Not much news about Baby Barclay although he is busy perfecting the Barclay Bounce – boinging up and down to see over the edge of the box. Because he is so young, his feet are like floppy wet noodles, and we think maybe this bouncing is one way of his strengthening his feet. (Notice how one week ago we didn’t know squat about crows and now, all of a sudden, we think we’re crow experts? Sheesh.)
We did another diaper change last night. Same drill: Bird, box, towels, K going "icky, icky, icky." Here is a photo of Barclay mid-box-switch.
All pieces of the Oat Couture sweater are knit and cast off! Now on to sewing the pieces together with some help from a co-worker. I’m a little nervous because I’ve read soooo many blog entries and forum entries where experienced knitters moan and groan about finishing. Exactly how horrible is it?
This pattern is definitely a keeper. I so enjoyed this first true foray away from the world of socks. Again, if you’re a new knitter and want a great sweater pattern to practice your skills on, I wholeheartedly recommend this little gem! For Seattleites and Northwesterners, I purchased this at Weaving Works.
Dyegarden Dyegest – Skeins!
The Henry's Attic is now in skeins. I will be on vacation all next week so I'm planning on actually get some dyeing done! I want to wash and mordant the Henry’s Attic this weekend, and then create the alder cone dye and the marigold dye. K seems convinced I can do all of the dyeing on her barbecue, but I am not convinced…
We've recently discovered the breath-taking colors and perfumes of giant bearded irises. K has always had some of the traditional purple irises in her yard but last fall she planted some exotic hybrids and this spring we were rewarded with some truly spectacular flowers.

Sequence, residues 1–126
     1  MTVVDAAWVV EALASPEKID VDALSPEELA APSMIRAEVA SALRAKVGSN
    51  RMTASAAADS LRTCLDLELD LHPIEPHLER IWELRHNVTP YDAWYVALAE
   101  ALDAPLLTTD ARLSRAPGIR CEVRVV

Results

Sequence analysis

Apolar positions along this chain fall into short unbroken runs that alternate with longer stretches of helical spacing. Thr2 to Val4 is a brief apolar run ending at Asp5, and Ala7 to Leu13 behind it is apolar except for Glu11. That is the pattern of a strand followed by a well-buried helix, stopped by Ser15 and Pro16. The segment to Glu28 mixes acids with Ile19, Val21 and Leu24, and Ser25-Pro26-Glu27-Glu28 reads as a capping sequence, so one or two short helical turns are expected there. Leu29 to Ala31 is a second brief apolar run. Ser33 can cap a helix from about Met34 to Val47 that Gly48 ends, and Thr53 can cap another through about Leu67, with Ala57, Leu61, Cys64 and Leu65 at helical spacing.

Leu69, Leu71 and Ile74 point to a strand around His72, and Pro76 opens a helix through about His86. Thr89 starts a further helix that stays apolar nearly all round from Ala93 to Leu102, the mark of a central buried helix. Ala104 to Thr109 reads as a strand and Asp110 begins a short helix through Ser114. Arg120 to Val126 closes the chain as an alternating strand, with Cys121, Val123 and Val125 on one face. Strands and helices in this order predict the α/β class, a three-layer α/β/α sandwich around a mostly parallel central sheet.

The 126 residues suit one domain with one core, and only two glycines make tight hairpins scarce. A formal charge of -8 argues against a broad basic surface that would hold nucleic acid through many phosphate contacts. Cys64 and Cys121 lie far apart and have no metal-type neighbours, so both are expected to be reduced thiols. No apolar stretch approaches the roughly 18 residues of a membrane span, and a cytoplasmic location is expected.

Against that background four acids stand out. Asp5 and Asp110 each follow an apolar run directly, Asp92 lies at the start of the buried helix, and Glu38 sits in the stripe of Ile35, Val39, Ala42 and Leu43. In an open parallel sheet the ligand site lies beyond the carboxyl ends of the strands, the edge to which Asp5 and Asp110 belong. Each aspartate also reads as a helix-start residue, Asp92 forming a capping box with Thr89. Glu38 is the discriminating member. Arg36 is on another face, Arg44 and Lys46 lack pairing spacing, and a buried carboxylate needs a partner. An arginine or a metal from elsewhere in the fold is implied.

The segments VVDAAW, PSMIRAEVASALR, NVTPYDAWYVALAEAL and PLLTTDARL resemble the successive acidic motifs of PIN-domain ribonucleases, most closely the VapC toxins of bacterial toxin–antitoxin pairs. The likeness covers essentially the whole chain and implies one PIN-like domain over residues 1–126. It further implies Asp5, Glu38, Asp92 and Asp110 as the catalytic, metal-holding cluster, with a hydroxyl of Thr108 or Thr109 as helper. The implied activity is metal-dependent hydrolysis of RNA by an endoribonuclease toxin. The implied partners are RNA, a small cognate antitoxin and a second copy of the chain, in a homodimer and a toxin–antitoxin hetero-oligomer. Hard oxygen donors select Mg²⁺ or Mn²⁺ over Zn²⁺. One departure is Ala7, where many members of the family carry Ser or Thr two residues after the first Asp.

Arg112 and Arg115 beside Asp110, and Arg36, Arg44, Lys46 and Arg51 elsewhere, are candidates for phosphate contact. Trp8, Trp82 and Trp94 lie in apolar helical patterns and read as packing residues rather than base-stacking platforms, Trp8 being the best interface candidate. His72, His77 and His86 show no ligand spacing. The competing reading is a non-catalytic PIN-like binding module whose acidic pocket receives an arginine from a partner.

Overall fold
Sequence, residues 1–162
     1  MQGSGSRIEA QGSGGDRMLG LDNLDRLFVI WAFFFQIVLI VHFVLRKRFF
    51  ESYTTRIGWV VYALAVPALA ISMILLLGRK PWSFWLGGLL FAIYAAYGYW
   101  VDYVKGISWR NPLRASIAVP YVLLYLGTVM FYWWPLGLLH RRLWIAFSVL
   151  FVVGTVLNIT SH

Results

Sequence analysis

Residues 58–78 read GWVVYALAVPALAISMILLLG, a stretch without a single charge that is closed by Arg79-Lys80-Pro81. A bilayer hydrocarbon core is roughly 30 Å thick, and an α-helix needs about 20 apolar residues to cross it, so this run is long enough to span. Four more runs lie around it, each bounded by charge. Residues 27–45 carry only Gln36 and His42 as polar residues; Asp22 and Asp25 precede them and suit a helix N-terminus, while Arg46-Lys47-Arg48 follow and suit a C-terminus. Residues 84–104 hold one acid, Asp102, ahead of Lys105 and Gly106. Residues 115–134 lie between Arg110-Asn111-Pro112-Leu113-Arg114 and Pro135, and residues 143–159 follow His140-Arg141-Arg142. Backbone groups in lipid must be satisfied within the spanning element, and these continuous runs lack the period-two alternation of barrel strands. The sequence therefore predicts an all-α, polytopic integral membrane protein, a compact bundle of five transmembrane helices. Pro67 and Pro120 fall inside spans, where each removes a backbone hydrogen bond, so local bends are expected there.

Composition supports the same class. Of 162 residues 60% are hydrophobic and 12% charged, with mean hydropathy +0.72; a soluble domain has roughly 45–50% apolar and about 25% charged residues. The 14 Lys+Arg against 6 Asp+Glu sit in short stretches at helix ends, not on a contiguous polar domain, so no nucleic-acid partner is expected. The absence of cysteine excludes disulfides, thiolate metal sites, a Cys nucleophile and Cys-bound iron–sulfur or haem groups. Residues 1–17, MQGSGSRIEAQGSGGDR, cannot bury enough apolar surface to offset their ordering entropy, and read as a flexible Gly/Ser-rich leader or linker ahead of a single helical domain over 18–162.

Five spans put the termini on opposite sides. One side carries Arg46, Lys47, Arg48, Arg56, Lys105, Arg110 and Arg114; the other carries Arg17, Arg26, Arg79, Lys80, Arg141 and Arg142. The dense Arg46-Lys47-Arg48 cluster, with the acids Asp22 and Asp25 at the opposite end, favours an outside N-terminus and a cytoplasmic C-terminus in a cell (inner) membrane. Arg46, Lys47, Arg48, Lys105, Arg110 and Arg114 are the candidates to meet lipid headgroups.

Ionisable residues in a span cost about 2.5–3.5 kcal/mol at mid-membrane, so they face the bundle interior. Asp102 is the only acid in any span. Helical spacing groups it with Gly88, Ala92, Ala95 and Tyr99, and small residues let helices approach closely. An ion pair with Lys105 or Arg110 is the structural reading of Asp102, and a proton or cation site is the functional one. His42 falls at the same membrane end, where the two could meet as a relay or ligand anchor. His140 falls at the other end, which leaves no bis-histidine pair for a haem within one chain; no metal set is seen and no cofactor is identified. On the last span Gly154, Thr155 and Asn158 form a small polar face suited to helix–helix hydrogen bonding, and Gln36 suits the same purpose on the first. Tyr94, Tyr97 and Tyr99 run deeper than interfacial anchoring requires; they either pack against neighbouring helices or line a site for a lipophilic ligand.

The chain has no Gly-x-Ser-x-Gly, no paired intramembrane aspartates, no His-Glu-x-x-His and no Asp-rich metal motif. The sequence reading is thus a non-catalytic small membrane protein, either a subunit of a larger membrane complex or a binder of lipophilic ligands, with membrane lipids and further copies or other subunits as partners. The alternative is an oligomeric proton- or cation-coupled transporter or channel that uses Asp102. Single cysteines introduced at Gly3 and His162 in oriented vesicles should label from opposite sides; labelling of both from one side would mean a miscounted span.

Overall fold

In order to share the irises with you, I attempted to take the best photo my fledgling photographic skills would allow but, as always, things are never as simple as they seem. Here, my first attempt. What is the blurred gray area along the bottom, you ask? Why, that would be my boobs!
Attempt #2, closer up and minus the bodacious ta-tas:
Traditional purple irises smell, well, purple, the way some candies taste "red." These hybrid purple/lavendar/orange irises, however, smell like vanilla ice cream and gingersnap cookies blended together. A very heady and exotic scent.
Here's another of the new irises. Oddly enough, this one also smells purple, although, according to the emerging pattern, it should smell brown. Which, frankly, doesn't sound very nice. In fact, I don't even want to know what brown would smell like.
The Barclay Bugle -- Operation "Diaper Change"
We're happy to report that Baby Barclay is still being fed by the B-52s. He is becoming more active and curious and K reports that she has seen his head and one eagle-eye (or “crow-eye,” in this case?) peeking out of the box.